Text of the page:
The town is ready to award Rifenburg Construction of Brunswick a $33 million contract to build the roads inside the Luther Forest Technology Campus.
A vote at next Monday’s Town Board meeting will come four weeks after the town declared Rifenburg “lowest responsive bidder,” even though it submitted the second-lowest price when competitive bids were opened. The low bidder had omitted a required item, but could have challenged the decision.
“We have not had any correspondence from any other bidders,” said town Comptroller Kevin T. King.
Building the 5.5-miles of interior roads at the undeveloped 1,350-acre technology campus site in Malta and Stillwater is essential to bringing a $3.2 billion Advanced Micro Devices computer chip factory there. AMD has indicated it wants to start construction in 2009.
The contract covers roadwork in both Malta and Stillwater, with the Stillwater work being done under an intermunicipal agreement between the two towns, King said.
Construction should start within weeks of the contract award. It is expected to last two years.
The campus will have public entrances from Stonebreak Road off Route 9, Route 67 west of Maltaville and from Cold Springs Road in Stillwater.
A separate project in Stillwater will pave Cold Springs and several other town roads that are currently little-traveled and unpaved.
The internal campus roads are being paid for by a $37 million state grant. The town, however, is responsible for the construction contract and will own the roads after they are built.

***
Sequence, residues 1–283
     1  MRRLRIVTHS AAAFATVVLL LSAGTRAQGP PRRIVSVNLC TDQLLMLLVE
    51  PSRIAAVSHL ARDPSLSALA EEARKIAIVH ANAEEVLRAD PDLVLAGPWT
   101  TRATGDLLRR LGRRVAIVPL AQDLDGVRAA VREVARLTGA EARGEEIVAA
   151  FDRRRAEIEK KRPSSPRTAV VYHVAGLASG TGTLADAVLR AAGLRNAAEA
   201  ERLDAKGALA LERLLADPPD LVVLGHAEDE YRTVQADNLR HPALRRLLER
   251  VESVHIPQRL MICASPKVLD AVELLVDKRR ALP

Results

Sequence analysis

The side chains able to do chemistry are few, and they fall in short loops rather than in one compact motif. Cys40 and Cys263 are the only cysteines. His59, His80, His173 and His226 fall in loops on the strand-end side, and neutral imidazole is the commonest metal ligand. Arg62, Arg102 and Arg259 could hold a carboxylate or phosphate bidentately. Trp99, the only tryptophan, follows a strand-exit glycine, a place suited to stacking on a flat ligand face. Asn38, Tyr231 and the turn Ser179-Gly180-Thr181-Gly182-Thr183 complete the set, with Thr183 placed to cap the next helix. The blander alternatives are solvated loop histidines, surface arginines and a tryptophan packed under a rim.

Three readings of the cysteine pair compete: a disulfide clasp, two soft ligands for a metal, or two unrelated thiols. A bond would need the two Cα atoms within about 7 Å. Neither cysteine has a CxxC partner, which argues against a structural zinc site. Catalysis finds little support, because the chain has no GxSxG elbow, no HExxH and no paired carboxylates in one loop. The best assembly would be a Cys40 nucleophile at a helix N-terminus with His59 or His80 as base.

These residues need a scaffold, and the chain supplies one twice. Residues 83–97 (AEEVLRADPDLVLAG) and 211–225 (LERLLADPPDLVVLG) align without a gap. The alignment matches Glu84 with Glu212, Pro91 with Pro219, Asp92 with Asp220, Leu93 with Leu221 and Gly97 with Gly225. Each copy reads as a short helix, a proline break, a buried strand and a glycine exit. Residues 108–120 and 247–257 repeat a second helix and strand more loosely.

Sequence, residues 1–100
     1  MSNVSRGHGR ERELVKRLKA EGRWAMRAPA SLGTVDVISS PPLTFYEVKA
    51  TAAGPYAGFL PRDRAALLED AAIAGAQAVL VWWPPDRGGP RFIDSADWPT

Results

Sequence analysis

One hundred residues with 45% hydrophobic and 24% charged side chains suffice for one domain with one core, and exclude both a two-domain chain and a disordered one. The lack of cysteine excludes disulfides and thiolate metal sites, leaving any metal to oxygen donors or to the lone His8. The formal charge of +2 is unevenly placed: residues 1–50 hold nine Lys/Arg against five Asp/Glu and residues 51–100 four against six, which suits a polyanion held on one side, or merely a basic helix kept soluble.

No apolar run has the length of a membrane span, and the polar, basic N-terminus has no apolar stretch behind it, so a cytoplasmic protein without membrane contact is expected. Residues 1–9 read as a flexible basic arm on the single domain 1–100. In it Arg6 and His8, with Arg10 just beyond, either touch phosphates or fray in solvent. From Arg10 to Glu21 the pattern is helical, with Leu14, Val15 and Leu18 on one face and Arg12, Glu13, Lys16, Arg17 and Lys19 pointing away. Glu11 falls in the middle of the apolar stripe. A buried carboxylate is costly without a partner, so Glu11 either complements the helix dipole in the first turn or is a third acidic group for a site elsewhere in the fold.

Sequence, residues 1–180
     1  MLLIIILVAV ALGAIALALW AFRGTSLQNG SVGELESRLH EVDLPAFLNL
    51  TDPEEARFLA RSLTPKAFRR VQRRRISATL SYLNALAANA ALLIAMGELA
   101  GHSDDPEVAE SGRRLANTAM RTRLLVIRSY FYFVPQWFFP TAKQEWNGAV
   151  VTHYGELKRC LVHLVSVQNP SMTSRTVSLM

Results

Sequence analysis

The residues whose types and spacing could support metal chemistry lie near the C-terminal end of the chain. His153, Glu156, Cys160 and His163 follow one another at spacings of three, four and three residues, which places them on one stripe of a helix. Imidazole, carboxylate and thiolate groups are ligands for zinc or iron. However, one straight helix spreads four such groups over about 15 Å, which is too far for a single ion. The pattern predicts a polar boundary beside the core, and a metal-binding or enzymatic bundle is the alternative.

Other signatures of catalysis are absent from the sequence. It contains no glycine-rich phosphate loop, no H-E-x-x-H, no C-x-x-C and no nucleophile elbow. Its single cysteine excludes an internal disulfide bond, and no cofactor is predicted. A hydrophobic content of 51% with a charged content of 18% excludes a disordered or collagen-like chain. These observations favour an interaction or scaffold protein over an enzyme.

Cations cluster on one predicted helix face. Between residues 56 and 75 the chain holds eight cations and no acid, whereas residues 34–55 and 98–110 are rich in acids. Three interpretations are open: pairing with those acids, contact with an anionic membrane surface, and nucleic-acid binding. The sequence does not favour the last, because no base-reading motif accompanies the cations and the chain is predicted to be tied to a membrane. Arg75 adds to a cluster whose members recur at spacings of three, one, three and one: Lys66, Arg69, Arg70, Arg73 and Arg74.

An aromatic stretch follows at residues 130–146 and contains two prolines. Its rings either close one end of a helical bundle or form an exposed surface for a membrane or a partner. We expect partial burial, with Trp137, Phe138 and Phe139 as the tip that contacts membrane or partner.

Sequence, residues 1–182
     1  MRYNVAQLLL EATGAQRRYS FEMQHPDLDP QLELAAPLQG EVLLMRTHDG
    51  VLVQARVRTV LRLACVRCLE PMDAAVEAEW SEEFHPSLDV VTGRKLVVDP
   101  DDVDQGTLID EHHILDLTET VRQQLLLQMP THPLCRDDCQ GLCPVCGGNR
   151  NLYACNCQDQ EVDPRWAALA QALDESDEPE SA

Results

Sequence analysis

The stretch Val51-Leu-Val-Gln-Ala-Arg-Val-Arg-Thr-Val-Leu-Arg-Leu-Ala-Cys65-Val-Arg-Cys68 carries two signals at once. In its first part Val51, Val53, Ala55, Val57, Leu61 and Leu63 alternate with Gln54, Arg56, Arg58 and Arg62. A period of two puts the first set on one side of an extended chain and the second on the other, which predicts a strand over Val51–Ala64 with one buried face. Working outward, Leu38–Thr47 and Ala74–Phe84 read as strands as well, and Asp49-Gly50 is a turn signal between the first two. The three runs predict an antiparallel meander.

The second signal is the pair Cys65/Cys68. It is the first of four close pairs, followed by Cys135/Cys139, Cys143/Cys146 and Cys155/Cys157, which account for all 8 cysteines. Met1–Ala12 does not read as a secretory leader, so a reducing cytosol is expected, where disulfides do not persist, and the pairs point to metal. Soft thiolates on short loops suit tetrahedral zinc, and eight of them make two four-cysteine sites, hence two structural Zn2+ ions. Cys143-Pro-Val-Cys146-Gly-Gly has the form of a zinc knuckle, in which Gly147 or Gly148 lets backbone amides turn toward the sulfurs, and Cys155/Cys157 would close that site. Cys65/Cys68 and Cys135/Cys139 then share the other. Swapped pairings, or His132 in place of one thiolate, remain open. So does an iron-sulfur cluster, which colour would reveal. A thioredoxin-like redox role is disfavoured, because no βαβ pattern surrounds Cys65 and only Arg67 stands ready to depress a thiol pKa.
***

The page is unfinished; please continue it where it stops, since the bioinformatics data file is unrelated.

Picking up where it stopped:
Rifenburg was declared the lowest bidder on March 10, after a controversy involving it and the lowest bidder.
When the bids were opened Feb. 28, Kubricky Construction of Glens Falls had the low bid, but a subsequent review found Kubricky had overlooked the cost of almost $20,000 worth of highway sign posts.
The Rifenburg bid, at $33,054,856, was $17,000 higher than Kubricky, and included the sign posts.
On that basis, the Town Board declared Rifenburg the tentative bid-winner, and the vote next Monday would follow up on that decision.
King said the town’s project consultant, Creighton Manning Engineering of Albany, has now fully reviewed the Rifenburg bid, and found no problems.
“They have found the bid to be acceptable, and have recommended you go ahead and award the bid,” King told the Town Board on Monday.
Rifenburg is already working on a major local contract, and is close to getting more.
It is currently building the $22 million Round Lake bypass, which is also being required because of expected traffic growth due to development of the technology campus.
Rifenburg is also the apparent low bidder on a $3 million state Department of Transportation project to remove the Route 67 bridge near Curtis Lumber in Ballston. DOT opened those bids last week.
Assuming the bid passes engineering review, work should start within two months.
That project will replace the aging bridge that once crossed railroad tracks, and now crosses the Zim Smith recreation trail and a county sewer line. The high earth abutments will be lowered, and the bridge replaced with a culvert. A county water line will be installed in the trail right-of-way in coordination with the project.
The concrete culvert will be wide enough to allow the Zim Smith trail to have two separate paths: one for pedestrians, skiers and bicyclists, the other for horseback riders and snowmobilers.
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